"The government announced last night it was lowering the exchange rate so the pound is now worth $2.40, down from $2.80, a cut of just over 14%. . . "


Bob, the CIA page for the economy was last updated 24 July 08. I'm guessing that the market exchange rate reflects current rates. Even so the PPP is greater than France. But the original point I was trying to make was that we're going to hand on an economy with a lot of infrastructure to our grandchildren who'll be a great deal richer than we are. So what's wrong with some borrowing to pay for us to hand on this infrastructure to them?

Bob B

"So what's wrong with some borrowing to pay for us to hand on this infrastructure to them?"

As a criterion for borrowing, that sets no limits at all on the scale of borrowing, which is presumably why Gordon Brown in 1997 introduced his famous Golden Rule(s) for fiscal policy to restrict government borrowing to what he deemed were "prudent" limits.

It's therefore all very curious to be told now that the Golden Rule(s) don't really matter and that it's OK for the government to borrow, apparently without restriction, in order to hand on more infrastructure to future generations even though those future generations will be paying the debt servicing costs for decades to come.

Besides, what if the infrastructure that the government decides is good for future generations turns out to be out moded and worthless?

Famously, past governments invested heavily on behalf of taxpayers in advanced gas-cooled nuclear power stations which turned out to be an especially expensive technology for nuclear power which wasn't emulated elsewhere. Instead, we are now anxious to encourage EDF, the French state-owned energy company, to take over the construction of new nuclear power stations in Britain on the hugely successful French model, which presently accounts for nearly 80% of all electricity generation for French consumers - who aren't complaining about nuclear powerstations.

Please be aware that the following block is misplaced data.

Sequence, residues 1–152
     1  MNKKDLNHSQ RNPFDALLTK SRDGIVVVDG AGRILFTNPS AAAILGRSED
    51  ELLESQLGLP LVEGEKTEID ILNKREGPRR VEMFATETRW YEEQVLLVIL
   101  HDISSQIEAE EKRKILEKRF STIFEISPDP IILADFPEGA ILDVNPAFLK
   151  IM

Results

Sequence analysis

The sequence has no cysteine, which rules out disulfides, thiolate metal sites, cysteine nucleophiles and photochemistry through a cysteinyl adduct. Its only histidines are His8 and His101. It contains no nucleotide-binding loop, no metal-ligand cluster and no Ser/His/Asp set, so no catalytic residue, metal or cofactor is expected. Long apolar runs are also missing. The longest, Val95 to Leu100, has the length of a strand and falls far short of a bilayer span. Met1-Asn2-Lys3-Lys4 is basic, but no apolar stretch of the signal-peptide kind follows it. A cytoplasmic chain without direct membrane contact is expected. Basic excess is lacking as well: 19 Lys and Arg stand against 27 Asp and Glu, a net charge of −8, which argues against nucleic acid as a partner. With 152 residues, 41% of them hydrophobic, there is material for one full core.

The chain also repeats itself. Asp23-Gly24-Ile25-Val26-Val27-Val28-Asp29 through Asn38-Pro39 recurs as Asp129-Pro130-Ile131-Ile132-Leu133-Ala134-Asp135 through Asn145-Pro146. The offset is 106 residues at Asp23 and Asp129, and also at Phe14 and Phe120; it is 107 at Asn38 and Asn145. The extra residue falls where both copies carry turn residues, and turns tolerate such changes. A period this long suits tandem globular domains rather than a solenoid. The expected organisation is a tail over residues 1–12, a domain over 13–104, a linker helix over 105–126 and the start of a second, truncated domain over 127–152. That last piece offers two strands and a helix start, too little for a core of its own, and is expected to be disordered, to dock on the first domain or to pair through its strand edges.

What of the hundreds of millions of taxpayers' money invested in the Selby Coalfield, which turned out to have fatal geological faults?

Even in America, much of the serial problems linked with subprime mortgages seem to have originated with Fannie Mae and Freddie Mac, which are officially regarded there as government-sponsored enterprises.

On the documented evidence, we really ought to be especially sceptical about reposing much faith in the supposed prescience of government agencies when these invest in infrastructure for the sake of future generations. All too often, decisions are made because of political pressures and without much regard to market merits - and believe me, I'm familiar with much of the market failure literature.

We'll need to wait a while to see if France's GDP at market exchange rates has overtaken's Britain's but some in Britain are already speculating on the prospect of parity between the Pound and the Euro, which currently costs 78p. Sarkozy was recently successful in persuading the National Assembly in France to repeal the ridiculous law setting a maximum working week of 35 hours introduced by Jospin's socialist government.

Bob B

Those who passionately believe the government should borrow more to invest in much-needed infrastructure may like to read this National Audit Office report on tramway systems:

NAO: Improving public transport in England through light rail (2004)

Those of us who have worked in the public sector will probably be only too familiar with a species of fanatical tram ethusiasts embedded therein. Readers of the NAO report may like to focus especially on the egregious example in the report of the Sheffield Supertram, built at a cost to the public purse of some £200 + million and which was eventually privatised on receipt of just £1 million.

IMO it is to the undying credit of Alistair Darling, during his time as transport minister, for reining back the unbridled departmental enthusiasm for trams.

Least readers suppose I'm just prejudiced against trams, on the cover of the NAO is a pic of the Croydon tramway system which does serve a valuable transport function. That is because the commuter rail infrastructure in south London is typically radial and the sub-region is badly under-served by east-west and circumferential infrastructure. To its credit, the present government has approved the construction of the Crossrail link between Heathrow and Canary Wharf at an estimated cost of £16 bn:

The development of Croydon as a major office centre with a fast rail link into Victoria alleviates the pressure on central London and traffic congestion there.

Btw the department of transport's enthusiasm for trams pre-dates by years the accession of the New Labour government in 1997.